This year Eid will be on Sunday, 24 May, or Monday, 25 May, depending on the sighting of the new moon which will signal the end of Ramadaan.
As always, this was a special month of fasting in the Cape.
This year of course came with new challenges as the country went under lockdown to try and stem the tide of the Coronavirus pandemic.
We could not go to the mosque at any time - not for the five daily prayers, nor for the Taraweegh prayers, or night prayers that only occurs in Ramadaan.
It was tough on all of us, but I think more so on those Muslims who faithfully attend Taraweegh every year in the mosque.
Baie boetas en tieties het gehuil van disappointment but always with the comforting knowledge of “Allah knows best”.
The positive that came out of this is that in the end, we all got to bond with our immediate families on a spiritual level in our homes.
We also had access to the Taraweegh and the beloved poedjies on the radio, our phones and computers.
The Muslim radio stations hosted trawie programmes which kept the spirit of the 20 Raka’ats alive.
When it comes to the traditional bordjies, it was not business as usual, but I did darem receive a few koekies through the month.
Then those koekies and samoosas went through a sanitising process and so every now and then I ate a daltjie that tasted like hand sanitiser, but Algamdulillah die intention van sanitising ommie virus weg te hou was daar.
Level 4 of the lockdown did not bring about much change, except now for those mense who were lucky enough to be called back to work, and more shopping options for those who still have money to spend.
Our mothers also caught a break as some nights daltjies and soup were off the menu to be replaced by takeaways.
I’m sure many of us were happy to hear that we might shift down to Level 3 before Labarang, but let’s be honest, in many areas in the Cape it’s like there’s no lockdown, except they can’t get their hands on legal entjies.
Also, social distancing is still very much at play so even if we were to go to Level 3, you will still not be able to drive around to go say slamat to family and friends.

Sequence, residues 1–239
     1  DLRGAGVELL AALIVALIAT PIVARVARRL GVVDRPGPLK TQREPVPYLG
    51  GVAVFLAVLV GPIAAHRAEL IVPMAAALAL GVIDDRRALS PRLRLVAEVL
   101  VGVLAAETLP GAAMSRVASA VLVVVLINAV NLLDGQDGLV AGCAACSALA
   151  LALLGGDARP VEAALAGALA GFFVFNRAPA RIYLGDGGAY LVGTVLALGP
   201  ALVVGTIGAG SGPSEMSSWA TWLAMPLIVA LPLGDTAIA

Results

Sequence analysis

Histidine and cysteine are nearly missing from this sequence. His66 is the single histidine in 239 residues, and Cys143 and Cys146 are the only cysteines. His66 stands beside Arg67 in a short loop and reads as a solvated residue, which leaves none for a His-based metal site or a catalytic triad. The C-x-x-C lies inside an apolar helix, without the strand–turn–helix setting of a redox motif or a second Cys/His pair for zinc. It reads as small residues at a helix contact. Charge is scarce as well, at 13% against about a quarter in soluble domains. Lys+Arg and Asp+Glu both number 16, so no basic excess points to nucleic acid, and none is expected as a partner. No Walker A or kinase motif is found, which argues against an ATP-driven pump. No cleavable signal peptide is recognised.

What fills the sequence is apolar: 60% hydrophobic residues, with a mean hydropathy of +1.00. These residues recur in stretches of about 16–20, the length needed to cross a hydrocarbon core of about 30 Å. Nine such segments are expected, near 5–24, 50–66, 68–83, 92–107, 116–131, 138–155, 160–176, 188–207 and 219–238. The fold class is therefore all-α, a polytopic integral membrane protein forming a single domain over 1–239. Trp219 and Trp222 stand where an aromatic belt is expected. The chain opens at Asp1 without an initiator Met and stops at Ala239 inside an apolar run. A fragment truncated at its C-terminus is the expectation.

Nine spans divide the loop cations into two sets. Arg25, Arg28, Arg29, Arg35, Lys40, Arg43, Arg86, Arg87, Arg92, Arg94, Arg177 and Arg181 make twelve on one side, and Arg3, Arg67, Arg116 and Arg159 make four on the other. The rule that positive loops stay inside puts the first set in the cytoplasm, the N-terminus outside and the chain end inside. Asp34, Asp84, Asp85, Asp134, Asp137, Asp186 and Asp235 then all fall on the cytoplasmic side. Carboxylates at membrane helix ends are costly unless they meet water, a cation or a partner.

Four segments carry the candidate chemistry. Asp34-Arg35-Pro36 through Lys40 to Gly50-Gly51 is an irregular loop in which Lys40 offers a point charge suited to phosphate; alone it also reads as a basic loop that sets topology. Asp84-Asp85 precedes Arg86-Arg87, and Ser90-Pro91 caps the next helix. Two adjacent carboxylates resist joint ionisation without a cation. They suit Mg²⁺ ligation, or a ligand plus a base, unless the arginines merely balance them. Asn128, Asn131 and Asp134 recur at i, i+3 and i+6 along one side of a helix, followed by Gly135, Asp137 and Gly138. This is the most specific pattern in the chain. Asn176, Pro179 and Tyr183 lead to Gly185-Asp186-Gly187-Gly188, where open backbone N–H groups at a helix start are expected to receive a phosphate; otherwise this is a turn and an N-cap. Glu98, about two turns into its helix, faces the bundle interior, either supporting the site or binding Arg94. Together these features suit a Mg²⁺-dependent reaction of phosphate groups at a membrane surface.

So I was shocked to see people actually debating this topic on social media.
One young lady said someone must go tell her mother she won’t be able to visit on Eid, in other words, her mother expects her to stiek uit, Corona or not.
I ask you, groot kanala, please don’t do it, because Labarang is associated with three things that will definitely spread this virus - we shake hands, we hug and we soen-groet.
There’s also rumours of traffic cops and Law Enforcement being on high alert on Eid to catch and fine or even lock up those who flog the lockdown rules.
My advice to the Muslims is, don’t be that escape artist, rather stay at home and spend the time with your lockdown family.
We have made it this far and we have made lots of du’ah so inshallah, the Almighty will remove the virus soon and then we all can go back to our “new normal” lives.
Let it not be said that the Muslims are the cause of this virus spreading exponentially.
Remember, in the Western Cape, 187 people have lost their lives to Covid-19 so far.
Also, what’s the point of being a good Muslim - fasting, reading the Qur’an and making salaah heel maand - but then you want to break the laws of the country you live in on this most blessed day?
The deen is very clear about obeying the law of the country you live in.
We are living in the age of cellphones and social media, so pick up your phone and wish each other Eid Mubarak on Facebook and Instagram and WhatsApp.
You can call, send videos and voice messages, and of course, there’s also Zoom for group chats.
But do not, I repeat, do not go all over the place this labarang.
With that said, slamat vir die labarang and may the almighty protect us all and spare us to see many more Cape Town Eid.
From my family to yours, Eid Mubarak.